Unlike the past couple seasons, I will not (pretendi to) maintain my own web page with the Titans' cap situation. For that purpose, I strongly recommend Over The Cap, whose Titans page is more complete and updated more timely than the pages I've put up the past couple seasons. I also recommend the NFLPA's available cap space page, which I believe will be updated once the new League Year begins on March 11.
That the 2014 salary cap is at $133 million instead of the long-projected $126.3 million gives the Titans (and every other team) a good extra bit of room to work with. Between that and their carryover, I estimate the Titans currently have about $10.3 million based on the offseason top-51 methodology. Translating the offseason top-51 calculation to a start of the regular season 53-man roster plus injured reserve number is a continuous exercise in moving parts, but the Titans will have enough room to work with. Keep in mind that salaries added to the salary cap under the top-51 knock the bottom salary off the salary cap. For instance, the cap effect of Bernard Pollard's deal was not his 2014 cap hit of $2.675 million but the net overage of that against the bottom salary, which was (and still is) $420,000, for a net cap hit of $2.255 million. The same is true in reverse for any of the released players.
I should note, though, that the Titans do not have quite as much salary cap space as that makes it seem. The reason for that is the draft picks. Based on how I expect draft pick salaries to be slotted, adding the six picks the Titans currently have in the draft to their current top-51 calculation reduces their available cap space from a bit under $10.3 million to $7.7 million. That is a reduction you notice, but the Titans do still have room to do work.
That room to work is without any possible releases. In the course of the positional analyses, I indicated a number of players whose combination of salary, productivity, and injury history could leave their positions on the Titans vulnerable.
(a) Chris Johnson is the most prominent of those, of course, with an $8 million base salary that would go off the books and total dead money of $4 million, which may be split over the next two seasons if the Titans so choose. Thanks to his late-season injury, the Titans will want him to pass a physical before they release him. Ken Whisenhunt has also repeatedly deferred questions about CJ's future with the excuse/explanation that he has not met him yet. I wrote in the RB positional analysis I thought the Titans should cut CJ before the first player session (likely on April 7, and I do not anticipate any physical issues with that) just to get a fresh start. If they do not do that, then the other logical time is right after the draft, when they ideally have selected a back on the third day. If he makes it to training camp, my bet is they're keeping him.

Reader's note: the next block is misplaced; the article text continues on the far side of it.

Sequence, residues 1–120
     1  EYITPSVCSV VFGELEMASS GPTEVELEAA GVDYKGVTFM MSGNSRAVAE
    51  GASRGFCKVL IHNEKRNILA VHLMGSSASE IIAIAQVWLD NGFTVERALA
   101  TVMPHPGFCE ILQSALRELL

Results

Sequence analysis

(b) Kamerion Wimbley is another name that shows up often, though his dead money hit would be a bigger $5.4 million (potential split of $1.8 million 2014 and $3.6 million 2015). Given his experience as a 3-4 OLB, though, the Titans could opt to stick him around until they get a better option than him. Given the state of the OLB class, which I plan to write about in the next couple days, that will probably not be in free agency. After they draft, e.g., Anthony Barr in the first round, then I think they could part with Wimbley.
(c) Though it wouldn't cost any dead money hit and he would not get that on the open market, Nate Washington and his $4.8 million salary seems to be safe.
(d) Michael Roos at $6.625 million and no dead money is safe, and don't even bother suggesting otherwise. On the other hand, David Stewart's $6.4 million salary and no dead money probably make him the likeliest Titan to be released. Given that I cannot see him as the 2014 starting right tackle, I expect him to be released (or be retired) soon.
(e) I like Craig Stevens a lot, but as I noted in the TE positional analysis he is due $3.4 million in salary, will be 30 when the 2014 regular season begins, and has a history of concussions. Total dead money from cutting him, which may be split over the next two seasons, is $2 million. I know, the new coaching staff has talked about how he could play a bigger role, and with no real cap pressure there may not be a need to do anything with his contract.
(f) Rob Bironas has now been a below average kicker on both field goals and kickoffs for two seasons and is due over $3 million in total compensation. You can find below-average kickers for less than that.
There may be other players beyond those six the Titans could be willing to cut, but I believe those are the six who are likeliest to be vulnerable for reasons relating to their base salary. Any other cuts are likely to be much more for performance reasons than because the player is particularly expensive. Yes, there is a bit, or more, of a line-drawing problem here, but the distinction makes sense to me and my post, my rules, my interpretation.
Bottom line; the Titans will have money to spend in free agency if they choose to do so. What positions and which players they might spend the money on will be my next posts.